Burglary victims turned out to look at stolen property displayed by Tucson police Wednesday, hoping to retrieve some of their possessions.
Most left empty-handed, the disappointment apparent on their faces.
The recovered items were on display from 9 a.m. to 5 p.m. at a police property and evidence building on East Ohio Street near South Park Avenue.
By 10:30 a.m. Wednesday, 22 burglary victims had trooped through the evidence display, and four had found possessions that had been stolen.
An hour later, a fifth person also was successful.
Carmen Montijo, 52, found nearly all of her stolen property, mostly jewelry from her husband of 25 years.She also found the wedding ring she gave her mother on her 25th wedding anniversary.
More than 60 people searched for stolen property and 10 found some of their lost possessions – mostly jewelry and computer components, said Detective Sgt. Ronald Thompson.
He said the recovery of lost items will help provide evidence in a case that investigators are working that involves a large group of suspects.
Thompson would not elaborate because the investigation is ongoing, but said the majority of the stolen property displayed Wednesday is connected to one case.
Victims talked about feeling violated by burglars who breached their homes.
Since the Feb. 26 burglary at Montijo’s home, she and her family make sure the doors and windows are locked when they leave, and are considering having security bars put on their home near North Flowing Wells Road and West Miracle Mile.
“It’s not a good feeling to not feel secure in your home,” Montijo said.
University of Arizona student Iylea Olson, 24, is one whose property remains missing.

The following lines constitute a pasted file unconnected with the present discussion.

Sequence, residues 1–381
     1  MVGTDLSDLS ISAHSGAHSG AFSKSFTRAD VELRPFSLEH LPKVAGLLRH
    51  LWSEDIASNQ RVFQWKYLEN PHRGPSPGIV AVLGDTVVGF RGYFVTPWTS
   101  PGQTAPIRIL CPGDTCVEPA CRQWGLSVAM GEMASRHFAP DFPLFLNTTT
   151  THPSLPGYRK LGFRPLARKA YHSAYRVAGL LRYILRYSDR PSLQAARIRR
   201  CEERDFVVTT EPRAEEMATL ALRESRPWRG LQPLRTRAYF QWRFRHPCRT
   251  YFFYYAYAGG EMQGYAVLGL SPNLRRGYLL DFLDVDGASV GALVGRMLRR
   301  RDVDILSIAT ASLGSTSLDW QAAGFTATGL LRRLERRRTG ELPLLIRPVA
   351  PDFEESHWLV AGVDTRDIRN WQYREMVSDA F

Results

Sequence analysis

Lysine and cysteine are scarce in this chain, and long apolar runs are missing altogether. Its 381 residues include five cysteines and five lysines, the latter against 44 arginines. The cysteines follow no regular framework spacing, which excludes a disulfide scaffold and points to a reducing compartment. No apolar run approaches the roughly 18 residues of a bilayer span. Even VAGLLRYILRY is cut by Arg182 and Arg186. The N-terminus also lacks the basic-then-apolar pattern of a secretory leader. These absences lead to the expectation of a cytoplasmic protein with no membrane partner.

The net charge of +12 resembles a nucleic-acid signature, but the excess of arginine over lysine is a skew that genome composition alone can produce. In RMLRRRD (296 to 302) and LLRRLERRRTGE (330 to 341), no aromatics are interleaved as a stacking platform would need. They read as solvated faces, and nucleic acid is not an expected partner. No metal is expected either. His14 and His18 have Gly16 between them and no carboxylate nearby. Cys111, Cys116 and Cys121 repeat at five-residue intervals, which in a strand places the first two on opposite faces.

Her midtown home was broken into Feb. 18 and nearly $3,000 worth of property – a bicycle, DVDs and jewelry – was taken.
Olson said she is disappointed, “but, it’s stuff. You can get more stuff.
“For me,” Olson said, “it is the sense of violation; someone was in my house.”
Among the sentimental stolen items was a fired rifle cartridge from her grandfather’s military funeral.
When the World War II Army Air Corps veteran died in 1997, he was given a gun salute at his funeral. His granddaughter saved a cartridge case from that salute.
It was among the items taken, probably, Olson said, when everything was swept from the shelf where it was kept.
Thompson said feelings of violation among burglary victims are common.
“The sense of no security. People really do feel violated, you know – somebody is in their home,” Thompson said.
“My emotional feeling is I could kill the guy. I want to come home and sleep, home is safe, it’s home,” said Arthur R. Olivas, 69, whose South Side home was burgled three or four years ago.
Olivas found none of his belongings Wednesday.
“It’s amazing to see this stuff and realize it happens to so many people, day to day,” Olson said, looking over tables of gold coins, jewelry, watches, computers, accessories and cell phones, all recovered from pawn shops and from police searches in various investigations.
“We average about 7,000 per year, that’s home burglaries,” Thompson said.
The property on display Wednesday represents loot from about 100 burglaries since July, he said.